This summer Loom announced a new member of the team: Early Childhood Education Coordinator Sypora Achieng from Kenya.
Since then Sypora has begun school visits in Uganda and Kenya, visiting pre-primary schools belonging to the budding Education Alliance and compiling data on the resources available, teacher training protocols, and struggles each school and community face. Most of these schools are located in remote, rural areas with little access to resources. Although there are still many schools still to visit, we wanted to share a few highlights with you.
1. Many children are still not in school because of poverty.
When asked what prevents children from attending school in these communities, Sypora’s reports show a common theme: lack of money for school fees, home issues, sickness (or caring for sick parents/siblings), hunger, and the need for the children to work and help provide for the family.
2. This same poverty keeps schools in remote areas from thriving.
Most schools Sypora has visited are struggling to have the materials they need and feed students nutritious food for lunch, let alone provide “extras” like a library or training for teachers. “Learning materials are lacking,” says Sypora. “There are no libraries in almost all the schools that I visited that can help the children develop a habit of reading.”
3. These mostly rural communities have very little history of formal education.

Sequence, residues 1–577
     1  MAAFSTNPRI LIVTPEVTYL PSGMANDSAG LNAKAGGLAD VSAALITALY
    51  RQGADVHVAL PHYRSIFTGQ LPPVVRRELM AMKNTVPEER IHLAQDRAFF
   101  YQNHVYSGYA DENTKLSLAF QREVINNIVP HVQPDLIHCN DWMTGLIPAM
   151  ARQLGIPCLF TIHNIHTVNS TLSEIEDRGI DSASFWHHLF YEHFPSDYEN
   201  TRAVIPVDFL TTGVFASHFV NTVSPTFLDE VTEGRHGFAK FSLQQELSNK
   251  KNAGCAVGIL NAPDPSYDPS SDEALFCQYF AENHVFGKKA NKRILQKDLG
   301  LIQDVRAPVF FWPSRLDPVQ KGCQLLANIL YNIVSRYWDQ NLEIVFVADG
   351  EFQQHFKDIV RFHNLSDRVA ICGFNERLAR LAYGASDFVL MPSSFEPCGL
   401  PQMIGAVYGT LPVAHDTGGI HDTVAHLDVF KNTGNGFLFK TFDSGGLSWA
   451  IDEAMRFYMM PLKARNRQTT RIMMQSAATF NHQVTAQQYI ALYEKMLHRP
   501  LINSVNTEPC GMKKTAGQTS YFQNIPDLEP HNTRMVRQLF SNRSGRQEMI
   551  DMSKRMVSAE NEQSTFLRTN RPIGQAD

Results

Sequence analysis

“School owners and teachers are working hard to help the children and the community,” says Sypora, “but teachers need to be motivated and encouraged in their work.” In many of these communities leaders have opened the first school the village has ever had. It takes time to set expectations, and finding qualified teachers who want to work in these remote locations can be extremely difficult. And understandably, not all families are eager to send their children to school when the more immediate need is food on the table.
4. Against all odds, transformation is beginning.
Sypora’s reports show a lot of struggles, but also moments of transformation and hope. For example, nearly all schools report having students who have been abused or experienced other kinds of trauma. Yet because of the school’s involvement, most of them are receiving help of some kind. Sypora also reports that with a little encouragement, a growing number of parents are getting involved in the school – a huge indicator of the school’s sustainability and success.
So what’s next? In the coming months, Sypora will continue to visit schools in Tanzania and Uganda. Her primary focus is on the needs of teachers, and how to coordinate further training to meet their needs – knowing that teachers have the power to shape the next generation.
“I [have] thought [about] establishing a demonstration center where teachers can come and learn how to use materials and other things so that they can be more effective in the classroom,” she says, “I want to see teachers getting more enlightened in their responsibilities–that it is a calling, not just something to do for money. You are shaping these children’s lives.”